Today, the local unit is trading at an average K8.8 and K8.9 from last week’s K9.2 against the US dollar, according to Bank of Zambia and Cavmont Capital Bank rates.
Experts say the main driver of the improved performance of the kwacha is the continued mismatch in demand and supply, with market fundamentals playing a minor role. On Wednesday, the Kwacha closed at K8.850 / K8.900 – K0.1 stronger than the day’s opening levels of K8.950 / K9.000.
Last month during the launch of the ninth Zambia economic brief, the World Bank said that improved macroeconomic stability, especially a more stable exchange rate had improved conditions for the economic recovery. Other factors include single-digit inflation, the subsequent loosening of monetary policy and a gradual clearance of government expenditure and VAT arrears.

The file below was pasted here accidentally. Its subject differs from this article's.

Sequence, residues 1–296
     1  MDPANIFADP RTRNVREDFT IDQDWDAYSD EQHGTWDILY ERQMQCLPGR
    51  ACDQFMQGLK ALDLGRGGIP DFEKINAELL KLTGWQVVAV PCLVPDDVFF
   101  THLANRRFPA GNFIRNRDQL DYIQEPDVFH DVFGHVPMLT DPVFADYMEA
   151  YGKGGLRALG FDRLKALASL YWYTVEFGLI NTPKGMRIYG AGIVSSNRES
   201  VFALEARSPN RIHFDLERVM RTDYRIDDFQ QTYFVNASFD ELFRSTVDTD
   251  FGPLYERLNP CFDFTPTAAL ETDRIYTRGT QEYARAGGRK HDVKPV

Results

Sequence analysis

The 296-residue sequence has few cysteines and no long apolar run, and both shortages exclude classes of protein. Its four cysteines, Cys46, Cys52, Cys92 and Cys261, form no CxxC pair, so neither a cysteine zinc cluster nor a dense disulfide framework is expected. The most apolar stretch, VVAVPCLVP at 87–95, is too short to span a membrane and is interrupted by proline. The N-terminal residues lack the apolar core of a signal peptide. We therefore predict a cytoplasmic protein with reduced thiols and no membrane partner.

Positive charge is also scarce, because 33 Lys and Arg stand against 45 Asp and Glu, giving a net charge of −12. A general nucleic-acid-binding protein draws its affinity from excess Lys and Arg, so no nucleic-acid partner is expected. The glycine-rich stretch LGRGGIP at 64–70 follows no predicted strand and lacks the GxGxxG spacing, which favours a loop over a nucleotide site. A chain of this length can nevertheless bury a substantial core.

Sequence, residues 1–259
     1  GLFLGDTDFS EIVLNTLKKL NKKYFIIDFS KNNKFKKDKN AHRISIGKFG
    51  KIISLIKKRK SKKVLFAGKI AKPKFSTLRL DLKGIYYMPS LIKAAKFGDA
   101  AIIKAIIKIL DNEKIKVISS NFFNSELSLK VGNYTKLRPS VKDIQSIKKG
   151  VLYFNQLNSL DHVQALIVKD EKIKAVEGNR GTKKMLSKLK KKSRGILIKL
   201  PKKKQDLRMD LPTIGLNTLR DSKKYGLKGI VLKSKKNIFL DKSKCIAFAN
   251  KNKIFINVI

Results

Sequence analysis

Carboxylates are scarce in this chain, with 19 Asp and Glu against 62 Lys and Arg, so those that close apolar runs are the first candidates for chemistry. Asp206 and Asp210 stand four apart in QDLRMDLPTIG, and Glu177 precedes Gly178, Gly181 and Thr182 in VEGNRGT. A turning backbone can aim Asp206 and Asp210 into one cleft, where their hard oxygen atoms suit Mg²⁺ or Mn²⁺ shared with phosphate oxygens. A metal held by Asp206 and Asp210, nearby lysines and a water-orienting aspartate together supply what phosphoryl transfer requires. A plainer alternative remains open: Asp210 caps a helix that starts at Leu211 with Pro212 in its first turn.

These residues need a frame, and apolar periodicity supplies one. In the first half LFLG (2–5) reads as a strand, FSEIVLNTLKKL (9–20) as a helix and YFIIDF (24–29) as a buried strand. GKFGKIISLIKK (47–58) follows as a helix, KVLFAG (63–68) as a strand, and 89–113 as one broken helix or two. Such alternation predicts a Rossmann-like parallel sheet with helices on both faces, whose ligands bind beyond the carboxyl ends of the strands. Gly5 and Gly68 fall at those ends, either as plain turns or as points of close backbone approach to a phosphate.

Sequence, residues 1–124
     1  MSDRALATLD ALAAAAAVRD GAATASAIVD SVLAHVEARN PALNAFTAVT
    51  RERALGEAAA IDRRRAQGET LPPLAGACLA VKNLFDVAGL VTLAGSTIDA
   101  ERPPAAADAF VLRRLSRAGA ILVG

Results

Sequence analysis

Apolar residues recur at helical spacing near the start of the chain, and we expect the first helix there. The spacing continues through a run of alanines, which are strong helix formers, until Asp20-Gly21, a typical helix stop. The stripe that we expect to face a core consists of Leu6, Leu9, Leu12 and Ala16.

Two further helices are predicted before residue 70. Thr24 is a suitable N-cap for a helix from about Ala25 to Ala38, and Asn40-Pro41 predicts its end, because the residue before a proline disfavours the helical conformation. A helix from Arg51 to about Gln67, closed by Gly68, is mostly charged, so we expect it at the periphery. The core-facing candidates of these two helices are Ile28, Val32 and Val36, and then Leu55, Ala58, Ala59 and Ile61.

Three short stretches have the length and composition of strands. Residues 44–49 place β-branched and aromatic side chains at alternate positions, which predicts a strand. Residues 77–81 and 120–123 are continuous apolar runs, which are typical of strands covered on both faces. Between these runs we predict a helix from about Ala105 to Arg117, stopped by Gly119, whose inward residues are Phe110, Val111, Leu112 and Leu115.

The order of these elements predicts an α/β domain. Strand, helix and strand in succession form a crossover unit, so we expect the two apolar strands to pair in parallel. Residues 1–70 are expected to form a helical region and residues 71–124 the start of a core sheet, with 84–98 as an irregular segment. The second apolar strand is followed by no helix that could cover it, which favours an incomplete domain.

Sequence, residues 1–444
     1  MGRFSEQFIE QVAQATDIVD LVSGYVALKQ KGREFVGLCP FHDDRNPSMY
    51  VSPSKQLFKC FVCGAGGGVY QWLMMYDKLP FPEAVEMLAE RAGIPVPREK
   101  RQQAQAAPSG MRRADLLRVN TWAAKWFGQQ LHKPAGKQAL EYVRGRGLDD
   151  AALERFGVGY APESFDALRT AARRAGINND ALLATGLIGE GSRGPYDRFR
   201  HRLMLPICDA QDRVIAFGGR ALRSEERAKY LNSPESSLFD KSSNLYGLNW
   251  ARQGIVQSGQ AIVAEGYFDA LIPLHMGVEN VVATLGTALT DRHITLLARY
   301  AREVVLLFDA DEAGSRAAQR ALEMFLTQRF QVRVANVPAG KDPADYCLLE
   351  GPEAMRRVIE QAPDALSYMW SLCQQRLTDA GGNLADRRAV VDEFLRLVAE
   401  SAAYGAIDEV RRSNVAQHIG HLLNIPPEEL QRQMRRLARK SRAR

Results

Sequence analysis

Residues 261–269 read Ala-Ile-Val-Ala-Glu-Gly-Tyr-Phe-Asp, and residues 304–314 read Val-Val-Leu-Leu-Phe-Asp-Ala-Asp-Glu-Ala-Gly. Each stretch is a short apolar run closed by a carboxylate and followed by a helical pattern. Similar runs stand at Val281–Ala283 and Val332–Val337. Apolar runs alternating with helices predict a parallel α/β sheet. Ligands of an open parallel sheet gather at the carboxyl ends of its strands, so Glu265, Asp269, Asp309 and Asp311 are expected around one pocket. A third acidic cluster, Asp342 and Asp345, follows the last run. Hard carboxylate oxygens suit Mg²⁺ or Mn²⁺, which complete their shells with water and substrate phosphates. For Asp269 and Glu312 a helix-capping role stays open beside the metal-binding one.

The World Bank also said a longer and heavier 2016-17 rainy season improved overall crop production and power generation, but temporarily disrupted some economic activity in early 2017 (for example in the construction and mining sectors). Given that crop production contributes over 87% to the output of the agriculture sector, these crop production gains are expected to lift the growth of the sector in 2017.
Improved power generation is expected to stimulate economy-wide growth, reversing the impact of two years of persistent power outages, said the World Bank.